As a part of the historic building collection in Greenfield Village at The Henry Ford, Doc Howard's office serves as an example of the 19th century origins from which modern American medicine would evolve.
A Snapshot of Mid-19th Century Medicine Representative of a typical early rural doctor's office, this mid-19th century building is where Dr. Alonson Bingley Howard (1823-1883) practiced an eclectic combination of conventional, botanical, and homeopathic medicine. Born in New York, Howard moved to Tekonsha, Michigan, and began his career as a farmer, eventually deciding that he wanted to become a physician. He first attended Cleveland Medical College from 1850-1851, later entering the University of Michigan's School of Medicine, where he took classes from 1851-1852. Although medical school records list him as a non-graduate, Howard moved back to Tekonsha and went on to practice medicine until his death in 1883.
In the 19th century, medical professionals had a limited understanding of illnesses and often relied on bloodletting or other purging methods to "balance" the body and keep diseases at bay. Along with minor surgery, these common practices were available to Dr. Howard as he traveled across his community attending to pregnancies, chronic diseases, tuberculosis, dental problems, and various wounds. To aid him in treating his patients, he relied on the early pharmaceutical medicines that could be found on the market during this period. However, he also kept a laboratory in his office where he could experiment with developing his own medicines through a wide personal stock of plants and minerals.
Experimentation with Plywood Provides Medical Solution The Museum of Modern Art held a design competition in 1940 entitled Organic Design in Home Furnishings, which aimed to spur development of modern furniture that adequately addressed the era’s changing way of life. Charles Eames and Eero Saarinen, friends and peers at Michigan’s Cranbrook Academy of Art, entered multiple molded plywood chair designs into the competition and won two of the six categories. At the time, molding or bending plywood was still a quite progressive process and molded plywood was not yet commonly used in mass-produced goods for the public. Along with his wife, Ray, Charles Eames continued experimentation with molded plywood after the competition.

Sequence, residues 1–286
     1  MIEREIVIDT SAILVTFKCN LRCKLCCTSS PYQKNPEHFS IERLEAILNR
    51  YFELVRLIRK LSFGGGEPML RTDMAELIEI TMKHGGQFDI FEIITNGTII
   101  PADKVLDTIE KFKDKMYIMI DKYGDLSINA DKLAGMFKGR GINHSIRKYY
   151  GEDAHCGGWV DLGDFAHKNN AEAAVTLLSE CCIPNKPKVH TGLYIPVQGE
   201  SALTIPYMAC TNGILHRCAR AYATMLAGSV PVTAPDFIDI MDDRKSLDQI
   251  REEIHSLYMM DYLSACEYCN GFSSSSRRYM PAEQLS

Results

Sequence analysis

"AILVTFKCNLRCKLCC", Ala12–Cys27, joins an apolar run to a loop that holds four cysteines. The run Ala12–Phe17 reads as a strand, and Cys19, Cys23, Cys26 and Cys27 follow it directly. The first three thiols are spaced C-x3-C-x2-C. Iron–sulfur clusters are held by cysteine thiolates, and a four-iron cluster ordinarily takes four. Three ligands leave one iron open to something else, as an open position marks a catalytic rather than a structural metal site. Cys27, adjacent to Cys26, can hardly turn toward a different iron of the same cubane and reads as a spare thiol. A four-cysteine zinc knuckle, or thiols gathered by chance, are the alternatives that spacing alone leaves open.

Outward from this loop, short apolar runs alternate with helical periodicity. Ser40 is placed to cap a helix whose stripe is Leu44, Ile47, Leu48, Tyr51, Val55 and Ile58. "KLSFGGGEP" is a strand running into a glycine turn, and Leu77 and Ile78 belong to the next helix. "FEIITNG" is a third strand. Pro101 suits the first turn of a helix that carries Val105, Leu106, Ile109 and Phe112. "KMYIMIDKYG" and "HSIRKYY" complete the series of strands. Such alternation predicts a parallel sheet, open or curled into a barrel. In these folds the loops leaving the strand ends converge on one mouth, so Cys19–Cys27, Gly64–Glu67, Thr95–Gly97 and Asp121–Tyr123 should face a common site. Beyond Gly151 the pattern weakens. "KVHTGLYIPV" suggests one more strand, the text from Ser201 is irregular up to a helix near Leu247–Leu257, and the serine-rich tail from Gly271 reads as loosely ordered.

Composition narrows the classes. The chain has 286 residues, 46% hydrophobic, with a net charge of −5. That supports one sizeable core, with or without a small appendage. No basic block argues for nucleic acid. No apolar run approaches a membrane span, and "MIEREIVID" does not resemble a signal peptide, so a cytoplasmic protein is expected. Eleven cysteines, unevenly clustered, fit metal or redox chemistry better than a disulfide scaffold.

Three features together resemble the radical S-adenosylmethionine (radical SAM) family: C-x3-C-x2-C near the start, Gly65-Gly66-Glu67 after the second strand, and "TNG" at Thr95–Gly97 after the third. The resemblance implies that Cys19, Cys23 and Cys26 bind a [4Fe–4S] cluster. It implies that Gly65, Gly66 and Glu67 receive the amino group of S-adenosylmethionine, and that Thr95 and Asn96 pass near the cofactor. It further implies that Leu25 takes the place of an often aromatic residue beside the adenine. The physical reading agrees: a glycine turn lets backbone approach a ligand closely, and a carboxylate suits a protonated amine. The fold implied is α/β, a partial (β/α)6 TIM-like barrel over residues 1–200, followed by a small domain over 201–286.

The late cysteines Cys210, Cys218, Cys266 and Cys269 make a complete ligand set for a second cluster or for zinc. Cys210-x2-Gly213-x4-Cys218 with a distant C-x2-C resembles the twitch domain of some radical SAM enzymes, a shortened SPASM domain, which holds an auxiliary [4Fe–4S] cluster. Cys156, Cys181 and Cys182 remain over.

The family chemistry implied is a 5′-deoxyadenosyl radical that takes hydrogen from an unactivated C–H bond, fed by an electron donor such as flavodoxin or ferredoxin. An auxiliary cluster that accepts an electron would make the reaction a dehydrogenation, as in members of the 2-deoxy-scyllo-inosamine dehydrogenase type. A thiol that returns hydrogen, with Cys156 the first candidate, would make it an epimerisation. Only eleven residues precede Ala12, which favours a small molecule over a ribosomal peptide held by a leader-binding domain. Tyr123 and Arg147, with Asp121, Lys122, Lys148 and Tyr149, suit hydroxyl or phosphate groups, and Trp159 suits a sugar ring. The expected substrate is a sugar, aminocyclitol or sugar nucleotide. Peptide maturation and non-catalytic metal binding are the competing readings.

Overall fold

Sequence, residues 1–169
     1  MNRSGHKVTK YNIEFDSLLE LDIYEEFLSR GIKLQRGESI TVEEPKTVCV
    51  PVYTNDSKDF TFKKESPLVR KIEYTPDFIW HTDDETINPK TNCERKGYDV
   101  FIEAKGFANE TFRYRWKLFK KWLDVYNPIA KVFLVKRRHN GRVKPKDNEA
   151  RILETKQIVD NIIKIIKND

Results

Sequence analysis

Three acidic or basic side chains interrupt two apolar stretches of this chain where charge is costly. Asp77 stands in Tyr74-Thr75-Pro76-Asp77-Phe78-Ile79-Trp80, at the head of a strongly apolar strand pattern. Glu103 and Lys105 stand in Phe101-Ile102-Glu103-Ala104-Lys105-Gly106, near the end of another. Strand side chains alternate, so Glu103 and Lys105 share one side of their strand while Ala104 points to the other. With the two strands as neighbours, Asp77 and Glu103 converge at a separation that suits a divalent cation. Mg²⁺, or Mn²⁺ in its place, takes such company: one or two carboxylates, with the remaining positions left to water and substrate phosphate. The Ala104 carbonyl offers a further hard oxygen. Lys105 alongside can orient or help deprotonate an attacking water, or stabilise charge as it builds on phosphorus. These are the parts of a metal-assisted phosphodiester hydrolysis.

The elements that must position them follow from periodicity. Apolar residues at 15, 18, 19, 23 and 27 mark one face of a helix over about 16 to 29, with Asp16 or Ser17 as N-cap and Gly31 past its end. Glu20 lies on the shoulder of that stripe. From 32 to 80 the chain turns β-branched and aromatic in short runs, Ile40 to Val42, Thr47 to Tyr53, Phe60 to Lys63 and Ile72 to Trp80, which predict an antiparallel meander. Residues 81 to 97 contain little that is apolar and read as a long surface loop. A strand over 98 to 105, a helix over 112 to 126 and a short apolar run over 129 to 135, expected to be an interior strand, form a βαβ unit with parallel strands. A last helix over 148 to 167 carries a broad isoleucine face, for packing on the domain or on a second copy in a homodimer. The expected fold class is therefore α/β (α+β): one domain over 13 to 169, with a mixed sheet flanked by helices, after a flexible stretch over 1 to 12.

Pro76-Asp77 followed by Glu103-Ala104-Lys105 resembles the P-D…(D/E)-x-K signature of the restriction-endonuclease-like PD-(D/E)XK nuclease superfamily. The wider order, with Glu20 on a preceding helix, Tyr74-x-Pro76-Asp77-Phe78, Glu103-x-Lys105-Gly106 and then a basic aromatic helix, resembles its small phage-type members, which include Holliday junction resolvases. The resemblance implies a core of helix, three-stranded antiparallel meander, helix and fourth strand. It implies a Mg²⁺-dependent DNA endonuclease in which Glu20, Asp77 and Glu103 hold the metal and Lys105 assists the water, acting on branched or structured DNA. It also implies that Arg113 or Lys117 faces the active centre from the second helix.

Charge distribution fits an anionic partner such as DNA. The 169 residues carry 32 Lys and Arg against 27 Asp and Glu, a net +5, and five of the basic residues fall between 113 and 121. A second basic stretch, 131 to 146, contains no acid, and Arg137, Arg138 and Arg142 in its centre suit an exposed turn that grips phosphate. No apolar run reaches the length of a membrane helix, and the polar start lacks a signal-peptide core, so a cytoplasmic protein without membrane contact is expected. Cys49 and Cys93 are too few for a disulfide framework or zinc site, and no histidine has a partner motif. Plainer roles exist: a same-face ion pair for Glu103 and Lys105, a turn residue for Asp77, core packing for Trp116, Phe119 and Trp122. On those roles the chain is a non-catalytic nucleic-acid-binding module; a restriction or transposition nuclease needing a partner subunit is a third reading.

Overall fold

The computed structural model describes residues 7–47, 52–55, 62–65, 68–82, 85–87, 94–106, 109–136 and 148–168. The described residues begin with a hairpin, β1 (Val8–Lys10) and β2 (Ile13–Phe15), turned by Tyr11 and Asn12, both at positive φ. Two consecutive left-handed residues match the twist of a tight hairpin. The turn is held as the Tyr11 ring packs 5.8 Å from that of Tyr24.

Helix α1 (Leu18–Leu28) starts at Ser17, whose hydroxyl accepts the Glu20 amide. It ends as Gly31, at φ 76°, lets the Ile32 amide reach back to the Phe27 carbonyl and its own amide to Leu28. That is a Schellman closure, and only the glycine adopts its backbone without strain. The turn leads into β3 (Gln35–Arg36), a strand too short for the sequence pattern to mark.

America’s entry into World War II brought shortages of many materials, including metal. Splints for broken limbs had historically been produced of metal, although metal splints were not ideal for military use due to their weight and inflexibility. Charles and Ray Eames, perpetual problem-solvers, designed a lightweight, strong, and flexible leg splint produced through their innovative method of molding plywood. The Eames molded leg splint became a highly effective solution for the military as well as a highly sculptural design object.
Represented in The Henry Ford's large American public life collection is the late 19th- and early 20th-century phenomenon of patent medicines, over-the-counter drugs that consumers used to self-medicate.
Consumerism Helps Standardize Early Medicines In the late 19th century, an increasing body of medical knowledge had begun to revolutionize the practice of medicine. However, a lack of scientific understanding of early medical drugs meant that drugs used in treatment were often inadequate and could even exacerbate illnesses. At a time when disease was still widespread, Americans sought cures for any number of maladies and tried nearly anything to get relief. Entrepreneurs took advantage, using advertising to make claims and promise cures with manufactured patent medicines. Such patent medicines rose to popularity in the last quarter of the 19th century, but the industry was unregulated and manufacturers were secretive about their recipes.
Some of these concoctions contained harmful ingredients or ingredients used in unsafe quantities. Cocaine, alcohol, opium, and heroin were some of the common ingredients that could be found in early patent medicines. These examples, as well as other additives, could result in addiction or even death, prompting national legislation that prohibited misleading health claims and required manufacturers to list their product's contents. In the United States, the Pure Food and Drug Act of 1906 helped stop the manufacture of drugs and products considered poisonous, adulterated or mislabeled.
Some of the patent medicines in our collection were analyzed in 2013 through a partnership between The Henry Ford's conservation staff and the Chemistry & Biochemistry Department at University of Detroit Mercy. Their findings, as well as more information on patent medicines can be found here in our Digital Collections.
An artifact, especially an innovative artifact, often has multidisciplinary significance. An object that is distinctly medical in nature may be equally as significant, or even more significant, as a public history or design history artifact. The Henry Ford’s collections boast countless significant artifacts with histories that reach across subject matter boundaries, such as this grouping of medically innovative artifacts.
By Katherine White and Ryan Jelso, Associate Curators, Digital Content, at The Henry Ford. This post was made possible in part by our partners at Beaumont. Beaumont is a leading high-value health care network focused on extraordinary outcomes through education, innovation and compassion. For the latest health and wellness news, visit beaumont.org/health-wellness.